The extent of Australia’s casualties in the First World War is, I consider, grossly underestimated. The Australian War Memorial accurately states that for Australia, that war remains the costliest conflict in terms of deaths and casualties. From a population of fewer than five million, 416,809 men enlisted, of whom more than 60,000 were killed and 156,000 wounded, gassed, or taken prisoner. War survivors could not survive the peace. Gassed men choked to death, cot cases died in misery, men with psychoses blew their brains out. The First World War tore the nation apart and left a legacy of trauma. The casualties of the war far exceeded the figures above. Few men escaped war’s trauma. Many had their remaining lives blighted by their military experience. To this number must be added the families and loved ones affected by the war, many in a lasting way. It is fair to estimate that over one million Australians were ‘casualties’ of the Great War.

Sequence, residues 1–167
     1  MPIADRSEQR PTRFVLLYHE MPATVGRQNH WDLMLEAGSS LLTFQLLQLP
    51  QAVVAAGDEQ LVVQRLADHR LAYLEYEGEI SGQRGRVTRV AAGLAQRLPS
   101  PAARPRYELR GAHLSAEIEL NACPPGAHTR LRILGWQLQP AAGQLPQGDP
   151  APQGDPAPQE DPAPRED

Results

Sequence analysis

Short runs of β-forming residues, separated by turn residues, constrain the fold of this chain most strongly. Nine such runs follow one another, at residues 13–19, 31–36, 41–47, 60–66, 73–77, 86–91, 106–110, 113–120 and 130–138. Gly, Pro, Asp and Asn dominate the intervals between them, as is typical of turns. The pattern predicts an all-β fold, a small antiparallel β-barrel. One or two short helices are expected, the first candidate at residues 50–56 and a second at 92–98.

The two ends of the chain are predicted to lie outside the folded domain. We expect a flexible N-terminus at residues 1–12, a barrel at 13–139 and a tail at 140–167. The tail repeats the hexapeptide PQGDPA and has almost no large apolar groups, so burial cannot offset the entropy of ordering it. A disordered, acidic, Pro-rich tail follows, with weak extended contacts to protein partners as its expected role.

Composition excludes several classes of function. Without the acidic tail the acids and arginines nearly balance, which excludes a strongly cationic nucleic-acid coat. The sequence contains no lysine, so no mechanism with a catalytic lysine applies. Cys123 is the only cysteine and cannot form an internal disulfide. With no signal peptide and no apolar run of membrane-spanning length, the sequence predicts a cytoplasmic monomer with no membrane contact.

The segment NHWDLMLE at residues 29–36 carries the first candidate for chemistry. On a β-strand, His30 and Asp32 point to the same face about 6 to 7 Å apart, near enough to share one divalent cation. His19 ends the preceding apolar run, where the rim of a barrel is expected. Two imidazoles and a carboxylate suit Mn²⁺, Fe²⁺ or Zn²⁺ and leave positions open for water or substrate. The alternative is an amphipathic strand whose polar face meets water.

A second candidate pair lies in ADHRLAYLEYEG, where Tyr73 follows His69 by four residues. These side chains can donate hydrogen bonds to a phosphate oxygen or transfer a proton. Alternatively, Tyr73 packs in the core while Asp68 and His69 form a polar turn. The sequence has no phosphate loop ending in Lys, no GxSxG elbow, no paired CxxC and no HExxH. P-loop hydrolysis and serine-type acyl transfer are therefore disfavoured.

Army Records is an essential and an unglamorous function. It fell to James Lean to organise this function from Army Headquarters in Melbourne. His legacy remains with us today in the form of the digitised files of the First AIF readily accessible at the web site of the National Archives of Australia (NAA). These records show an over-arching method and organisation. They also show the confusion of war and its casualties. Lean was not only methodical but also sympathetic and patient: he saw not just the killed and maimed of the battlefield but he also ensured that relatives and loved ones knew what had happened to the best of his ability and that of his burgeoning staff.
NAA files show his work in agonizing detail. There were about 60,000 killed in action in the First AIF and one in six had graves that were unknown. Ten thousand families yearned to know the details of their soldier’s death – or imprisonment – and yet there were no such details forthcoming from the front.
Lean commenced and continued chains of correspondence with families unable to be convinced of the unknown fate of their loved ones. He did so directly and simply and with consummate patience. And he did so again and again.
Lean yearned for active service, denied to him because of his irreplaceable competence. He was even denied the medals of war service, though his service was indefatigable.
Carol Rosenhain has done us a singular service by exposing the enduring worth of a soldier bureaucrat. She tells a heart-rending story. She can be forgiven for being Lean-centric: perhaps others can take up the story of his successors in the Second World War and after.
Reviewed for RUSIV by Mike O’brien, January 2017
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